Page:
An inherited l disorder characterized by progressive muscle weakness. The disorder is caused by a genetic anomaly and results in insufficient quantities of or ineffective dystrophin which is needed for normal muscle functioning. The disorder is expressed in males but females can be carriers.
Abnormal gait Duck-like waddle Toe walking Difficulty walking Frequent falls Gower's sign Muscle weakness Scoliosis Lordosis Pseudohypertrophy of calf muscles Contractures of Achilles tendon Weak shoulder muscles Weak intercostal muscles Weak pelvic muscles Weak back muscles Weak neck muscles Contractures of iliopsoas Contractures of hamstrings Contractures of forearm flexors Contractures of fingers flexors Atrophy of arm muscle Atrophy of thigh muscles Atrophy of pectoral muscles Weakness of mouth muscles Weakness of facial muscles Dyslexia Dysphagia Dysarthria Speech difficulty
Until the 1980s, little was known about the cause of any kind of muscular dystrophy. In 1986, MDA-supported researchers identified the gene that, when flawed — a problem known as a mutation — causes DMD. In 1987, the protein associated with this gene was identified and named dystrophin. Genes contain codes, or recipes, for proteins, which are very important biological components in all forms of life. DMD occurs when a particular gene on the X chromosome fails to make the protein dystrophin. BMD results from different mutations in the same gene. People with BMD have some dystrophin, but it’s not enough or it’s poor in quality. Having some dystrophin protects the muscles of those with Becker from degenerating as badly or as quickly as those of people with Duchenne. By the way, eating or not eating food with protein can’t replace lost dystrophin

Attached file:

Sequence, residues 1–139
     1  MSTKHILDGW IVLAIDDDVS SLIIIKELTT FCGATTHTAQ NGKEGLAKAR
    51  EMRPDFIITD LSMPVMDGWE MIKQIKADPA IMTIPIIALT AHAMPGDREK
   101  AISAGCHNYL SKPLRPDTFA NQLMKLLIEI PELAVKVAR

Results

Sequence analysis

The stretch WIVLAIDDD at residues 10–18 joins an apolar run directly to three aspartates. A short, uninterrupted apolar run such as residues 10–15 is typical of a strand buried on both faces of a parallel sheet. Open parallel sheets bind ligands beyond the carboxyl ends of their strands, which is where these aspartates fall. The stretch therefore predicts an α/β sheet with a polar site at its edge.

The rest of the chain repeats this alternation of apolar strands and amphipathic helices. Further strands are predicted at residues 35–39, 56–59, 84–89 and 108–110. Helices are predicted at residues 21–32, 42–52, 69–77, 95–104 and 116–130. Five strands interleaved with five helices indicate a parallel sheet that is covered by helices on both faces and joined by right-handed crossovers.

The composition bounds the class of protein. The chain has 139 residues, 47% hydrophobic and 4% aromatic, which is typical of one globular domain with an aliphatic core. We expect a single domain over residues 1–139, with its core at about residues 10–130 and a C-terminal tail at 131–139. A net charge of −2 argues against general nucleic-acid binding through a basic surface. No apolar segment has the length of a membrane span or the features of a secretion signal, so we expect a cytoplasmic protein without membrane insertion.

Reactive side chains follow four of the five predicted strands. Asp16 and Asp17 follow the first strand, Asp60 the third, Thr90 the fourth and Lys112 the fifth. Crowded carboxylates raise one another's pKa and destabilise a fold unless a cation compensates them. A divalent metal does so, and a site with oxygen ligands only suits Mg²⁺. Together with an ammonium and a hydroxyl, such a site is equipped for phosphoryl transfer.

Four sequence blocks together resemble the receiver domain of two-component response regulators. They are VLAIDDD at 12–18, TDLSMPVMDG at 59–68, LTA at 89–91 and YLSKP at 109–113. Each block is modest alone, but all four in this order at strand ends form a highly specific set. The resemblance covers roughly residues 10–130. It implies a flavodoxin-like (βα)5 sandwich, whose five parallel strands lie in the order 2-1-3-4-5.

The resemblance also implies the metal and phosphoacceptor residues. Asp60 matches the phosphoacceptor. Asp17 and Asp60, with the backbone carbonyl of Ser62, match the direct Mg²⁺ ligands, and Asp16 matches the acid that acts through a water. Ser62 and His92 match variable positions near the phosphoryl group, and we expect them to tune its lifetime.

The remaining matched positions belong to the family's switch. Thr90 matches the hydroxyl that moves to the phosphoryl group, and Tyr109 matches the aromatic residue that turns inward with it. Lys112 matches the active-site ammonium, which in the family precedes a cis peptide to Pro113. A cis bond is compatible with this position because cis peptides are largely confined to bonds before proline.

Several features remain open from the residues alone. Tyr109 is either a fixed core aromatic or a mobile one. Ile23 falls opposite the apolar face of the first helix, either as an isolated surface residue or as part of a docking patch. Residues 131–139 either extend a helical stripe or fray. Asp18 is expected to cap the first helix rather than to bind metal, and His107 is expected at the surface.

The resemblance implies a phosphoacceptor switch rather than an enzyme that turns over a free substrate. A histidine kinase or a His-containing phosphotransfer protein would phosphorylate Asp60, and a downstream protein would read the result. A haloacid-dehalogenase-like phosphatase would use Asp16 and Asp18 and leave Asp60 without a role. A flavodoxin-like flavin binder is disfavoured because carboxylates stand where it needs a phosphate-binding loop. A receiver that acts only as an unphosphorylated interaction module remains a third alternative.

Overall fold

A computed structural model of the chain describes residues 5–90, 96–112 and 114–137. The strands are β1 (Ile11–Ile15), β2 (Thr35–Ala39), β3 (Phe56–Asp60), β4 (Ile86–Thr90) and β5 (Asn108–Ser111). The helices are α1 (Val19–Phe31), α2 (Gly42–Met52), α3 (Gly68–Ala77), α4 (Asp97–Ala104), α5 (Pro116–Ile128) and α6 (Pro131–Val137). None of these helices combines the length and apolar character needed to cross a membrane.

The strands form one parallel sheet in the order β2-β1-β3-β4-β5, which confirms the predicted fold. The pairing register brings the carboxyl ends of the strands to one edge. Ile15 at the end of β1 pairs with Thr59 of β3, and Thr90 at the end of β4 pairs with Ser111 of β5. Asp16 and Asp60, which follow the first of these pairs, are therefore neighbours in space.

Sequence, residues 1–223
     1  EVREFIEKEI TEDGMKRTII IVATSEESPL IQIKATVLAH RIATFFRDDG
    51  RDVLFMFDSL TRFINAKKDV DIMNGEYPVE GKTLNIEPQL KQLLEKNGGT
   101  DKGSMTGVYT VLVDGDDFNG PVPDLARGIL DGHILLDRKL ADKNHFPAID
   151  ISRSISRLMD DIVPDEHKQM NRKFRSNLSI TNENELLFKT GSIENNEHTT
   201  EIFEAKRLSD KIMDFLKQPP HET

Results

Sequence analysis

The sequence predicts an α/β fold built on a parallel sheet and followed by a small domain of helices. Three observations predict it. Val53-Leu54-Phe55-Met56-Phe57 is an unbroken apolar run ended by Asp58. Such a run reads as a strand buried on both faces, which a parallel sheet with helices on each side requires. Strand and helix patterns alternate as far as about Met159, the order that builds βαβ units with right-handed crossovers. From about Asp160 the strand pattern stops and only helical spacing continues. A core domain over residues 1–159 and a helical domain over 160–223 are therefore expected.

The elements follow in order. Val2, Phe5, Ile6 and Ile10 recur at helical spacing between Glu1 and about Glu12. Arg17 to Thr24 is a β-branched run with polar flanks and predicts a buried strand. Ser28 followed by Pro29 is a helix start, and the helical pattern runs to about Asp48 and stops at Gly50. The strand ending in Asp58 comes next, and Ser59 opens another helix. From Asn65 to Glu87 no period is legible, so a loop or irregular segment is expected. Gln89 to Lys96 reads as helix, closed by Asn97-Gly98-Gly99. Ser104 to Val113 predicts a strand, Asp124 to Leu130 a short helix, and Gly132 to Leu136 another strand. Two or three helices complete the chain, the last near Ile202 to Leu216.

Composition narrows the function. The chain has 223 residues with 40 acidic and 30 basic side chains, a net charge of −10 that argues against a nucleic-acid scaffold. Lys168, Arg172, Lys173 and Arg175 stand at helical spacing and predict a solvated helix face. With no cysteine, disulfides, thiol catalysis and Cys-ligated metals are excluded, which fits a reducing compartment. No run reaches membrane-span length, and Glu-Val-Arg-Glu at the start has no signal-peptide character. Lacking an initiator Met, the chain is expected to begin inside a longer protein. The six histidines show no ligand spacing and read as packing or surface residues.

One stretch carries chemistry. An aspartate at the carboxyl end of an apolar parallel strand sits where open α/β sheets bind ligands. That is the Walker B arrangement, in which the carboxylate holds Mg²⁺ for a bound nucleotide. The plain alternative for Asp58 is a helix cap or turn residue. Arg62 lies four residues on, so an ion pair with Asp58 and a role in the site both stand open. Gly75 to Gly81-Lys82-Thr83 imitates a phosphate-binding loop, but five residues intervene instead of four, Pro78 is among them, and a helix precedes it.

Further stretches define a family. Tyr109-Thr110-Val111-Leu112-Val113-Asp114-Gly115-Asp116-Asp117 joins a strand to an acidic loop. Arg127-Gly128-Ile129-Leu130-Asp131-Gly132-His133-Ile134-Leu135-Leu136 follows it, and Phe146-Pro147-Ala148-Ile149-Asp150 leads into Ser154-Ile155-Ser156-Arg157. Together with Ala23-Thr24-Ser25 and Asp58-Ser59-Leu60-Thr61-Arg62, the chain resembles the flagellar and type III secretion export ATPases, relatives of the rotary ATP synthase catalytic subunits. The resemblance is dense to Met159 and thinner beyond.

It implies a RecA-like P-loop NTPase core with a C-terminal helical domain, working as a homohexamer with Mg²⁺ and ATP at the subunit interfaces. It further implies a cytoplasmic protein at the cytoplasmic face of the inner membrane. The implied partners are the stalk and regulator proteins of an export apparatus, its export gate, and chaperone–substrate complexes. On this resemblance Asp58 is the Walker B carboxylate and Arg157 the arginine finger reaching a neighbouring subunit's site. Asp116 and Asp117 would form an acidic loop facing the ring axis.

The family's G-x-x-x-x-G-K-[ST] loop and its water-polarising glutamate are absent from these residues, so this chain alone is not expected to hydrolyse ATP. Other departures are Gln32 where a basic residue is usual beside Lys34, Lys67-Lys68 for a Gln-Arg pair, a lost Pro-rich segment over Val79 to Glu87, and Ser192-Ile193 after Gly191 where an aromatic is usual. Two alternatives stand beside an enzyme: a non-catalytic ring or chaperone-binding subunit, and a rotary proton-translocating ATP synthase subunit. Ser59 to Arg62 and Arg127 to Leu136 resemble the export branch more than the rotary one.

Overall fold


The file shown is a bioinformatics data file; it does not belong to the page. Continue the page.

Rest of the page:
Doctors suspect muscular dystrophy when a young boy becomes weak and grows weaker. An enzyme (creatine kinase) leaks out of muscle cells, causing levels of creatine kinase in the blood to be abnormally high. However, high blood levels of creatine kinase do not necessarily mean that a person has muscular dystrophy because other muscle diseases may also cause elevated levels of this enzyme. Duchenne muscular dystrophy is diagnosed when blood tests show the gene for the protein dystrophin to be absent or abnormal and when a muscle biopsy (removal of a piece of muscle tissue for examination under a microscope) shows extremely low levels of dystrophin in the muscle. Under the microscope, the muscle generally shows dead tissue and abnormally large muscle fibers. In the late stages of Duchenne muscular dystrophy, fat and other tissues replace the dead muscle tissue. Similarly, Becker muscular dystrophy is diagnosed when blood tests show the gene for the protein dystrophin to be abnormal and a muscle biopsy shows low levels of dystrophin in the muscle, but not as low as in Duchenne muscular dystrophy. Other tests to support the diagnosis include electrical studies of muscle function (electromyography) and nerve conduction studies (see Diagnosis of Brain, Spinal Cord, and Nerve Disorders: Electromyography and Nerve Conduction Studies).
Neither Duchenne nor Becker muscular dystrophy can be cured. Physical therapy, exercise, and sometimes wearing braces help prevent the muscles from contracting permanently around joints. Sometimes surgery is needed to release tight, painful muscles. Boys need fewer calories because they are less active. They should avoid overeating.